Stumbling blocks – remembering the Nazi victims


The 100,000th anniversary of a Nazi victim is celebrated on May 26th in Nuremberg. “Stolperstein” has been laid. Gunter Demnig's art project is the largest decentralized Holocaust memorial in the world.

Stumbling blocks commemorate the victims of the Nazis. Gunter Demnig's art project now counts 100,000 such stones

The latest stumbling block is a reminder of Johann Wild from Nuremberg, who was executed by the National Socialists in 1941 because he had written letters denouncing the Nazi regime. Each of the brass plaques embedded in the ground to this day refers to the fate of a person who was persecuted, deported, murdered or driven to suicide by the Nazis.

Demnig and others place them on sidewalks in front of the last residential area 100,000 stumbling blocks have been installed in 27 European countries to date.

Art campaign initially illegal

The artist Gunter Demnig has now laid exactly 100,000 stumbling blocks

Demnig's art project began eleven years ago, at that time still as an illegal laying action in Cologne, because without official permission. The occasion was the 50th anniversary of the so-called Ausschwitz Decree by Heinrich Himmler, one of those primarily responsible for the Holocaust.

With the decree, the former Reichsfuhrer SS ordered the deportation of all Sinti and Roma living in the German Reich. With his stumbling blocks, Demnig relies on a private form of remembrance – apart from the state culture of remembrance in Germany. 

“The stumbling blocks are my life's work,” says the 75-year-old sculptor. He lives with his wife Katja in Alsfeld-Elbenrod in central Hesse. His trademark is a wide-brimmed brown cowboy hat The dice are still laid by yourself. More and more often, others are taking over. The names and fate of the victims are engraved on the brass plaques on the stones. 

More effective than a history book

Memory of Jewish Victims

The artist remembers many stories to this day.  “Once, during a transfer, two sisters came,” he says. “One was from Colombia, the other from Scotland, both had been saved by a Kindertransport at the time, the parents were murdered. They hadn't seen each other for 60 years and said: “Now we're reunited with our parents.” Demnig slaps his eyes with his flat hand and fights back tears: “Then you know why you're doing it. “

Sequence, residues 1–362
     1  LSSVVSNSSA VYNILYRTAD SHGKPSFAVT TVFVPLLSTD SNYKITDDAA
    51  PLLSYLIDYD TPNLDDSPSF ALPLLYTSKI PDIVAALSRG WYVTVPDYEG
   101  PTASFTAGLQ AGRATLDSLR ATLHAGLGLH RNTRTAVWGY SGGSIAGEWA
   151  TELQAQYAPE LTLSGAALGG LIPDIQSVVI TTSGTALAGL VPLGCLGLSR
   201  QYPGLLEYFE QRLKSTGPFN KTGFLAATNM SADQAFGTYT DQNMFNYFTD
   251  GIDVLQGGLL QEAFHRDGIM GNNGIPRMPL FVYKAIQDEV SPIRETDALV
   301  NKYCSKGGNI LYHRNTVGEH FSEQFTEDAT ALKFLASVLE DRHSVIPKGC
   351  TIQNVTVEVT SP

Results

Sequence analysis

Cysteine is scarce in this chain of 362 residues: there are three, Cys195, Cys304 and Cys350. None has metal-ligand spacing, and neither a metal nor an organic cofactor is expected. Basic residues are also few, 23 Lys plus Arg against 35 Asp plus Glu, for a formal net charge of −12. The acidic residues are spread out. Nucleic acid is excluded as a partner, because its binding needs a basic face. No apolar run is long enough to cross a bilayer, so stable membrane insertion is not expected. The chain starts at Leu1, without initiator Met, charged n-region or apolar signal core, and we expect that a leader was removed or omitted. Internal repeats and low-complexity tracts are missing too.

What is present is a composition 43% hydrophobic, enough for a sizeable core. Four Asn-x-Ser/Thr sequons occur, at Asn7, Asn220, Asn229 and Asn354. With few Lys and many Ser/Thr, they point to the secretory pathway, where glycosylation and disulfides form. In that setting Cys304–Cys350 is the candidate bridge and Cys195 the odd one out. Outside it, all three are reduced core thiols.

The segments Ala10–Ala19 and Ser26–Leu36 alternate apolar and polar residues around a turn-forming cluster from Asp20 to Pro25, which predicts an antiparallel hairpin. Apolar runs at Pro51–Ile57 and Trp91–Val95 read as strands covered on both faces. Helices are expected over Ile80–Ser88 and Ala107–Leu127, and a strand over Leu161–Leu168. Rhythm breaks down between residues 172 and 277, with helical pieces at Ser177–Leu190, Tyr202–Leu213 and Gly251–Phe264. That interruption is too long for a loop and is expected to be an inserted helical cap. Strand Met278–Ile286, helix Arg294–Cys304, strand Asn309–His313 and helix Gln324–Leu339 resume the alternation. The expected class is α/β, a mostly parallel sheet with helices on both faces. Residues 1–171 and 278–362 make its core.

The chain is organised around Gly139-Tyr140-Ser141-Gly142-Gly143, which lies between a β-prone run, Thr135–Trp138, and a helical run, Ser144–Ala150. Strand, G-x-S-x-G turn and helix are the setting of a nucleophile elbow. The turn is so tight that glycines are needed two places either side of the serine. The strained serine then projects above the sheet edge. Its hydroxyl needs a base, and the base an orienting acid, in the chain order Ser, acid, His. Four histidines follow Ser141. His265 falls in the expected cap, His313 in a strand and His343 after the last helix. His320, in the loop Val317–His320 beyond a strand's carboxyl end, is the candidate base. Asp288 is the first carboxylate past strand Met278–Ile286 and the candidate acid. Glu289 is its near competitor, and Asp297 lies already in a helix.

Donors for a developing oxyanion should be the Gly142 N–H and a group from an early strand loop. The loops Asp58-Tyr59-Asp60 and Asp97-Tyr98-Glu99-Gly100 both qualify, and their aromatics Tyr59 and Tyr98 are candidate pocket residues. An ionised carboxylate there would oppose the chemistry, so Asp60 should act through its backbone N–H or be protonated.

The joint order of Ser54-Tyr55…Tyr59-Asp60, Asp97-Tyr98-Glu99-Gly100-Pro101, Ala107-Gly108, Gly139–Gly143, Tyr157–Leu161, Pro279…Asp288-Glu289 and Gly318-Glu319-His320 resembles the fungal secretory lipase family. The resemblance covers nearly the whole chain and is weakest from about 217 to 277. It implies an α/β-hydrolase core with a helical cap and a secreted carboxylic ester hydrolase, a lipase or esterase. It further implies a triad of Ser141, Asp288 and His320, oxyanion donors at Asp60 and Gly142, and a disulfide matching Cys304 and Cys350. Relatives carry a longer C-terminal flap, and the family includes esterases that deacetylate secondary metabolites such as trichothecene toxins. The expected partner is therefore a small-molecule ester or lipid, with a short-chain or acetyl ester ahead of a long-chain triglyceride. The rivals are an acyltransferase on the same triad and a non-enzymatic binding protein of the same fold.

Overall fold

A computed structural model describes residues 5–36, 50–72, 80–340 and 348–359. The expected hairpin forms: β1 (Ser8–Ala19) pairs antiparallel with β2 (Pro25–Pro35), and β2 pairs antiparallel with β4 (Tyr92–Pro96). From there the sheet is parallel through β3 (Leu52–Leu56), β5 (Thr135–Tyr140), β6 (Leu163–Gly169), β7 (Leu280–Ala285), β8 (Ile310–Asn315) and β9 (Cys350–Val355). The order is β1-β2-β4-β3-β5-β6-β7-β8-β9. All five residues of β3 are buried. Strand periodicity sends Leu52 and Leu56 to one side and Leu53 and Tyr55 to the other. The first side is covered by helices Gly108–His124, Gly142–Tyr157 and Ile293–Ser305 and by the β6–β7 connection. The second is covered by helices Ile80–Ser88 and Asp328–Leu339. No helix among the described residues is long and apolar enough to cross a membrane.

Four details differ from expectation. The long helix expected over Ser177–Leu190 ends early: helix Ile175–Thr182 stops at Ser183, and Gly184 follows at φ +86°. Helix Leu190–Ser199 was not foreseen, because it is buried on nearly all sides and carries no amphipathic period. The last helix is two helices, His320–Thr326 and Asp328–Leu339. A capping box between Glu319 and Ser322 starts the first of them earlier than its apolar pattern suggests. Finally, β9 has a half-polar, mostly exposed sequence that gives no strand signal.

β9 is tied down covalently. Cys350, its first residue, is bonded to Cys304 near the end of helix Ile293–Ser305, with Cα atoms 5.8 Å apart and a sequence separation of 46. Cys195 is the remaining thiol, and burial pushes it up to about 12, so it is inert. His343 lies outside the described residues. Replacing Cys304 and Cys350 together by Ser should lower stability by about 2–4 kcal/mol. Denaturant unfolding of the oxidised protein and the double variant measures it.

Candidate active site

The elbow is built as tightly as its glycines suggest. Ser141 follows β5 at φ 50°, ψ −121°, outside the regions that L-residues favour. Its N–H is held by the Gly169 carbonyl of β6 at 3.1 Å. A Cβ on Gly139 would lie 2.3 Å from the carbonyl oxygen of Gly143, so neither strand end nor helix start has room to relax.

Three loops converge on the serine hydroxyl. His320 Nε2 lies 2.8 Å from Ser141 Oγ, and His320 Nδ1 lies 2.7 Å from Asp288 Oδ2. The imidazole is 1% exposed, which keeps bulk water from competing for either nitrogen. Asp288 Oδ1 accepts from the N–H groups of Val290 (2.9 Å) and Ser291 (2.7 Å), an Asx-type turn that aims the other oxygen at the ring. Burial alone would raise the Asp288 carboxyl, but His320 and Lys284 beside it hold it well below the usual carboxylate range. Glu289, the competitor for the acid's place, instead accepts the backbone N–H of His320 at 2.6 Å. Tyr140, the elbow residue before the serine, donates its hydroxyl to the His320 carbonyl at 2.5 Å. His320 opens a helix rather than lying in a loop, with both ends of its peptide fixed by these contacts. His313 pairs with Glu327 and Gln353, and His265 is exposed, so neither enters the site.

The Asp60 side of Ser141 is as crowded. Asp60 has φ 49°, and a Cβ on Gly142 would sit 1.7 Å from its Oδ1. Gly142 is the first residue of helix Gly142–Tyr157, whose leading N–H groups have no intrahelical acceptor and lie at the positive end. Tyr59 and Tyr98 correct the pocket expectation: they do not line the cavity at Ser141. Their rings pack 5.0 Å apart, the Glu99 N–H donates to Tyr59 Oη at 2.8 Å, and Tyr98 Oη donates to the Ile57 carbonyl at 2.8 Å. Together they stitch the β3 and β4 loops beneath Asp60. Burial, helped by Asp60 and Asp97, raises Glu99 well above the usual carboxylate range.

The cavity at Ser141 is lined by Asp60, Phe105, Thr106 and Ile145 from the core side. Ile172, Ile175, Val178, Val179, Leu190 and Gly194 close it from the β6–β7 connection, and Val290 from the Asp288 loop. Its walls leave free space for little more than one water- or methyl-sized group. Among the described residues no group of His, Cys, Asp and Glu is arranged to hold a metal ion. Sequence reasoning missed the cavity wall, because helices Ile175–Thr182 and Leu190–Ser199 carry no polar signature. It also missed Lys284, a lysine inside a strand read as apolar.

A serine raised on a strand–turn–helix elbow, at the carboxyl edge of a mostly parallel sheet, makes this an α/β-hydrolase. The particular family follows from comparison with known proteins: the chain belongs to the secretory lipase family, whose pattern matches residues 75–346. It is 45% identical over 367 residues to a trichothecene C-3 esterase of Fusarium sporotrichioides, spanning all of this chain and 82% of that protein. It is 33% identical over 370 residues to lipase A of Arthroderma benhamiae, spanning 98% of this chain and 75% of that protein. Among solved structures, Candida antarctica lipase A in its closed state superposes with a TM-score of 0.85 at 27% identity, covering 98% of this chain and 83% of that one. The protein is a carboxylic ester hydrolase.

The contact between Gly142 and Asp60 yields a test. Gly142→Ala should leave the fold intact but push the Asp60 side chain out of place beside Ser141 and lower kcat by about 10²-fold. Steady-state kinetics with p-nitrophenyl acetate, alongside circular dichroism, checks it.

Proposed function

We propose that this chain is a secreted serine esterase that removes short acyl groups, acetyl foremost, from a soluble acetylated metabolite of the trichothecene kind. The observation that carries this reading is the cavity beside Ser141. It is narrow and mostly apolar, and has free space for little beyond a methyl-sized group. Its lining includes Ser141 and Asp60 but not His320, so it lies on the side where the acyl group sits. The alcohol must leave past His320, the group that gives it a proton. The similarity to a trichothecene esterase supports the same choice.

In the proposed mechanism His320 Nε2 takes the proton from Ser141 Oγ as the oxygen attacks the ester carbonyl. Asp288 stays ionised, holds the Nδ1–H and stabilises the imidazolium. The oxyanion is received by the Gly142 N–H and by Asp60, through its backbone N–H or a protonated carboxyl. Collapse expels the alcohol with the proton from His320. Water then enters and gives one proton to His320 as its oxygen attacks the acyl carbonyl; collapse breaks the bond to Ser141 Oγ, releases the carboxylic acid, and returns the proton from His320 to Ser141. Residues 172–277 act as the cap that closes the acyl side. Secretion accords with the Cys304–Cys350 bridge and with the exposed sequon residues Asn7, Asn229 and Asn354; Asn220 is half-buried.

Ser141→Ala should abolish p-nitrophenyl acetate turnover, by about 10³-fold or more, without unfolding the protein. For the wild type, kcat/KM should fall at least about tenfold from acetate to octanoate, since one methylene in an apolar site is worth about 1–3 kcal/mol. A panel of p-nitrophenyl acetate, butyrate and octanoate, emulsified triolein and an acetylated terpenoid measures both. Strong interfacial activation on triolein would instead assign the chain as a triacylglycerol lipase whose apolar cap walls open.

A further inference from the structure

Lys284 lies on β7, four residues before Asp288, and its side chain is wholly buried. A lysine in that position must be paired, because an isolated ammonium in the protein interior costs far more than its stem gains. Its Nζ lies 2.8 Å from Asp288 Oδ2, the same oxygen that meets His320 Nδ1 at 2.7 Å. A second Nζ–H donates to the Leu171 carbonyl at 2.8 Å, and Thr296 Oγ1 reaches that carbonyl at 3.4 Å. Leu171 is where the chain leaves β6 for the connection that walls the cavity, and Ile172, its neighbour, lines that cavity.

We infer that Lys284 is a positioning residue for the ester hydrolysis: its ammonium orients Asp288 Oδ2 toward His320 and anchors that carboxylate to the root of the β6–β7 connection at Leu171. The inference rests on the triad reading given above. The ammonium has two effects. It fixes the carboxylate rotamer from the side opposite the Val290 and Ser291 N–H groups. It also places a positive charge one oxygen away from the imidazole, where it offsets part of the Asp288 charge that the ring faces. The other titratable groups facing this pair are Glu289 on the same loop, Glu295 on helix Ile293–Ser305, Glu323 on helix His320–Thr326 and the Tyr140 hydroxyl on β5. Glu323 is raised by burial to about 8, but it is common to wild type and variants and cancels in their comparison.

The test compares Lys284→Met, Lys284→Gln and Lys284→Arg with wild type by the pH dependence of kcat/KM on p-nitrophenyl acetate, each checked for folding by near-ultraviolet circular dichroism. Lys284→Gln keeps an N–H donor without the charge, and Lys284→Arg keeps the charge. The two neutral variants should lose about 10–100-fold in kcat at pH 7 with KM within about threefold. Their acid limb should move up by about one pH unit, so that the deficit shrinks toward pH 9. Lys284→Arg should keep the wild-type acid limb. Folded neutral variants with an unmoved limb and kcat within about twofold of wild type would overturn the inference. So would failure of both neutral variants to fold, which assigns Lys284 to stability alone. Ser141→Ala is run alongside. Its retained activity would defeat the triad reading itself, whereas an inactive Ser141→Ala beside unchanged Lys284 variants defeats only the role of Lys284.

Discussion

Brick by brick – this is how the world's largest decentralized memorial was created

The initiative to lay the stones now comes from history associations, citizens' initiatives, relatives or school projects that inquire about Demnig. One stone costs 132 euros including installation.

Anyone who encounters such a stumbling block on a walk stands still. Who is the person you are talking about? And what happened to this man? Demnig is happy about this effect: “It makes a difference whether the young people open a book and read about six million murdered Jews or learn about the fate of a family on site,” the artist is convinced.

Also criticism of the stumbling blocks

The artist Gunter Demnig laying his stumbling blocks in front of the Foreign Office in Berlin

But there has also been criticism of his stumbling blocks, for example from representatives of Jewish organizations. Charlotte Knobloch, President of the Jewish Community in Munich and Upper Bavaria, accuses Demnig of the fate of the victims being trampled on in the truest sense of the word. 

The artist calls this an “unspeakable counter-argument” and rejects it: The critics would play down the atrocities of the Nazis with such statements and mock the victims: “The Nazis were not satisfied with trampling on the victims. They had a targeted extermination program,” says Gunter Demnig.

Gunter Demnig's mission: Stolpersteine ​​are supposed to help Nazi victims give back their name and dignity

The Stolperstein inventor has also received death threats. That doesn't deter him from his mission. Everywhere where the National Socialists raged, he wants to remind people of their crimes. And He wants to give the victims of the Holocaust their names and their dignity back.People who have looked at the stumbling blocks in the past usually didn't know the life story behind the names.That's changing now.A Cologne marketing agency has been supporting the stumbling block project for a year – with an app for the smartphone. This not only makes it easier to find the stones in the maze of streets. The names can now also be used to get to know people's personal fates.